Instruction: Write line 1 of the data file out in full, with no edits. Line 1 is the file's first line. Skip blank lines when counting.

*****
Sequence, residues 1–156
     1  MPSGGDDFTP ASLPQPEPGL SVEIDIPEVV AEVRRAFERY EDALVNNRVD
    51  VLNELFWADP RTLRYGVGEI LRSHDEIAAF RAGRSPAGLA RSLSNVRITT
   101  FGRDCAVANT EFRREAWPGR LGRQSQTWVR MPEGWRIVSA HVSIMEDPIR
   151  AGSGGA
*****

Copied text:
Sequence, residues 1–156